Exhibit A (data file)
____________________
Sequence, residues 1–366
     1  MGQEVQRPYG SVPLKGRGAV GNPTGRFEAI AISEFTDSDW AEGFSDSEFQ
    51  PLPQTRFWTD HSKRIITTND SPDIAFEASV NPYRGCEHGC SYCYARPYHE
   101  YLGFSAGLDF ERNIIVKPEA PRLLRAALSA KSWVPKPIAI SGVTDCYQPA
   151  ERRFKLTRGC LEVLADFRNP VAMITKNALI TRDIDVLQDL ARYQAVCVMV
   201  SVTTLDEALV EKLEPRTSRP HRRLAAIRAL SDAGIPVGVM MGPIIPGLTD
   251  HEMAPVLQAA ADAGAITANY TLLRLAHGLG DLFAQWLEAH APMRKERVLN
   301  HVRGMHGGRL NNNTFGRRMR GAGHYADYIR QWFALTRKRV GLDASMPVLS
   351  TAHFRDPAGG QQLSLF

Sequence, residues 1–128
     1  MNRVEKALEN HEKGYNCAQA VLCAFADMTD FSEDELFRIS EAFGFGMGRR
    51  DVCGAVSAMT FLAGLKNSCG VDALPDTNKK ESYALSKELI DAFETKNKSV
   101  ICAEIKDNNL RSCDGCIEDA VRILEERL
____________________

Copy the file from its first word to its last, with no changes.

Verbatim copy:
Sequence, residues 1–366
     1  MGQEVQRPYG SVPLKGRGAV GNPTGRFEAI AISEFTDSDW AEGFSDSEFQ
    51  PLPQTRFWTD HSKRIITTND SPDIAFEASV NPYRGCEHGC SYCYARPYHE
   101  YLGFSAGLDF ERNIIVKPEA PRLLRAALSA KSWVPKPIAI SGVTDCYQPA
   151  ERRFKLTRGC LEVLADFRNP VAMITKNALI TRDIDVLQDL ARYQAVCVMV
   201  SVTTLDEALV EKLEPRTSRP HRRLAAIRAL SDAGIPVGVM MGPIIPGLTD
   251  HEMAPVLQAA ADAGAITANY TLLRLAHGLG DLFAQWLEAH APMRKERVLN
   301  HVRGMHGGRL NNNTFGRRMR GAGHYADYIR QWFALTRKRV GLDASMPVLS
   351  TAHFRDPAGG QQLSLF

Sequence, residues 1–128
     1  MNRVEKALEN HEKGYNCAQA VLCAFADMTD FSEDELFRIS EAFGFGMGRR
    51  DVCGAVSAMT FLAGLKNSCG VDALPDTNKK ESYALSKELI DAFETKNKSV
   101  ICAEIKDNNL RSCDGCIEDA VRILEERL